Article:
I’ll admit that, as an American of the late 20th century, my access to Premier League soccer was woefully poor. The best I could find was highlights late at night on ESPN. When I say “late”, I mean late. As in 1am on a Sunday night/Monday morning. Into the early 1990s, this posed a dilemma–how to catch up on Arsenal action without being accused of looking for other late-night, um, action. Nevertheless, I did my best.
At one point in the fall of 1991, I learned that one my most unctuous, irritating teammates on our high school team was a Spurs fan. The fact that most of us had already decided on his unctuousness was, to your astonishment, this correspondent’s introduction to the Spurs-Gunners rivalry. By this point, I had “followed” Arsenal for almost a decade without learning of the history and intensity of said rivalry. Remember, this was 1990’s United States, to soccer what early 21st century North Korea is to open debate. I digress. Later in that same year, perhaps moving into early 1992, this same unctuous teammate’s father was driving us home from an indoor soccer match. We had been utterly demolished by some other team that actually knew how to play indoor. At any rate, I was sitting in the middle bench of the minivan changing out of my socks, and the conversation progressed as follows (more or less, it’s been a while):
- Unctuous teammate: “Shay, put your socks away. They reek”.
- Me: “Give me a sec; I’m just switching to clean ones.”
- Unctuous teammate: “Shay, put ’em away!’
- Me: “two seconds and they’re in the bag.”
- Unctuous teammate: [slaps Shay across the face].
- Four other teammates: [stunned silence as Shay ponders pummeling Unctuous teammate; weighs risk of doing so at 10pm at night while said teammate’s father is driving at 60mph. He declines].
Let it be said that terms were settled later, much to unctuous teammate’s chagrin. You would hardly believe how much it altered his appearance for the worse. To shorten the story, had this been the beginning and end of my introduction to the Spurs-Arsenal rivalry, I would have reduced myself to just another frothing-at-the-mouth prosimian baying for Tottenhamian blood less than twelve hours from now.
As it stands, I learned a tamer, more civilized lesson from a dearer mate who went on to marry a girl I’ve known since I was seven or eight–’round about the same time I learned of professional soccer, professional soccer on the telly, and, most importantly, Arsenal. As the story goes, my friend, whom we’ll called Carrie for this story, had met this bloke somewhere around 1996 while I was off doing who-knows-what. She went on and on about how alike he and I were, which only made me suspicious of him. We fast-forward. He and I meet. He says something like “I’ve never seen snow before”, which I make him repeat because I’ve never heard that sentence before, he’s from Australia and has never seen snow before, and his accent is thicker than molasses in January. It was January at the time of this telling, for what that’s worth. We’ll fast-forward again. He and I are mates/buds/friends now and so on, and I just learned that he’s a Spurs fan. This forced me to weigh my allegiances–a team I love but have never seen in person against a man I respect and see much of myself in and see regularly.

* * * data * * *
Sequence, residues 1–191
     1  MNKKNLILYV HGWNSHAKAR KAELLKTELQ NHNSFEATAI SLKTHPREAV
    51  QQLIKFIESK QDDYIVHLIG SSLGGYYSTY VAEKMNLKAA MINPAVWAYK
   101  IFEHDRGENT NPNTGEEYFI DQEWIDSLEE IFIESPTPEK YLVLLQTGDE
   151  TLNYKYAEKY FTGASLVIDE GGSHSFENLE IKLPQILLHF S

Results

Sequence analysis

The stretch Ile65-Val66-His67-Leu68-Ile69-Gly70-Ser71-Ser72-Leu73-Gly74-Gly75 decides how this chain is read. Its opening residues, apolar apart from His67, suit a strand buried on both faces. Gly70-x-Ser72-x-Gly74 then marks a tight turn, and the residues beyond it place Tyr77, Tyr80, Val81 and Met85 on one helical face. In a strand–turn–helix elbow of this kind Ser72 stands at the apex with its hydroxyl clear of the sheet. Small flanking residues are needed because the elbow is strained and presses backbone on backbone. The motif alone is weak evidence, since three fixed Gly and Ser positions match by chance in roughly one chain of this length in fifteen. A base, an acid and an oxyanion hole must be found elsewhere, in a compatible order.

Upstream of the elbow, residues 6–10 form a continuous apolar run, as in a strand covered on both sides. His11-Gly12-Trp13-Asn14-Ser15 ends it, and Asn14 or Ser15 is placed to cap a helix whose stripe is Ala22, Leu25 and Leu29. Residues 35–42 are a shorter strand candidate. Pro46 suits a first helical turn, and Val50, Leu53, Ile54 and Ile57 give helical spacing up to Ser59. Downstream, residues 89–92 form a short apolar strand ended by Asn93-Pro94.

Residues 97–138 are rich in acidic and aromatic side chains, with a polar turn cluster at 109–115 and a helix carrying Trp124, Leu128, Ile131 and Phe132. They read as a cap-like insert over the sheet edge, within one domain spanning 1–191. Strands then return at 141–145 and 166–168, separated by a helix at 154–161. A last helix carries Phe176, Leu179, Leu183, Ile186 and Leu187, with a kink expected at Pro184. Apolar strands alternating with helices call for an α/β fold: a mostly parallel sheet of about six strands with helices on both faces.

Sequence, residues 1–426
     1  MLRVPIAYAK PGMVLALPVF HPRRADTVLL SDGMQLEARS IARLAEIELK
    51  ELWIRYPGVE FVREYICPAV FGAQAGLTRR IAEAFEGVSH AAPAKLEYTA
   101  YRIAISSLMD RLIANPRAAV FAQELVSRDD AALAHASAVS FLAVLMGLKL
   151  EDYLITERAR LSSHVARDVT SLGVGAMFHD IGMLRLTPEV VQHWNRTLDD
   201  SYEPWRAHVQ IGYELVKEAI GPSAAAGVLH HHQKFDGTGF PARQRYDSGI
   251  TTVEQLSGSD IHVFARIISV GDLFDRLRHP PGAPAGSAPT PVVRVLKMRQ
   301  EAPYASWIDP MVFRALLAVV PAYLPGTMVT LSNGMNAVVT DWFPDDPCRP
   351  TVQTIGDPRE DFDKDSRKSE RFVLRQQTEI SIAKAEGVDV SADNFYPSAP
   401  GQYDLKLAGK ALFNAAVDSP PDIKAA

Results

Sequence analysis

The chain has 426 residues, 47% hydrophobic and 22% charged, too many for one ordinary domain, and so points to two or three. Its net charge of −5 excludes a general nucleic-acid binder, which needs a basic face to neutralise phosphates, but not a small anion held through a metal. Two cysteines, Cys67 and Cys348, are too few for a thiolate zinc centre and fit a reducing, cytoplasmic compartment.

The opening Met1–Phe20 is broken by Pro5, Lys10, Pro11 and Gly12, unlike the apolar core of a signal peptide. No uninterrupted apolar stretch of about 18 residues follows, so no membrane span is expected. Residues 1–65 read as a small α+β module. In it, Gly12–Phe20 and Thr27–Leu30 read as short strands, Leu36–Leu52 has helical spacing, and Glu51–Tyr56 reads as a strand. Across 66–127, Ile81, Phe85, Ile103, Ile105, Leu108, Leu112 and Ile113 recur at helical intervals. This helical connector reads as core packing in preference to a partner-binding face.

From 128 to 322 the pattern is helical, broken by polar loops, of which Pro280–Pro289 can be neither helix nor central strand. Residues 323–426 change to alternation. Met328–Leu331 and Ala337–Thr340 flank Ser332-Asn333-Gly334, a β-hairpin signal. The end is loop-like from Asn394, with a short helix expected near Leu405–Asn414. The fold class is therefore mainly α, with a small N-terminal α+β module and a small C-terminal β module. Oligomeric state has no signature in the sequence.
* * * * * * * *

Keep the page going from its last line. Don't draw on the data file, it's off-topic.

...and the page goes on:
The point is this (please hum “kumbayah” as you read the following): for as deep and as intense as the feelings around Sunday’s derby may be, it is, after all, just a game, and fans on both sides will go home to family and friends and jobs. Win or lose, the consequences are rather trivial.
Of course, having said all that, I’ll believe it more deeply if we’ve won. If we’ve lost, everything I’ve said to this point is little more than manure for next spring’s garden. And my Aussie mate? Pffft. Bunch of penal colony send-offs. Just kidding’. May the best team win–and we all know which team that is.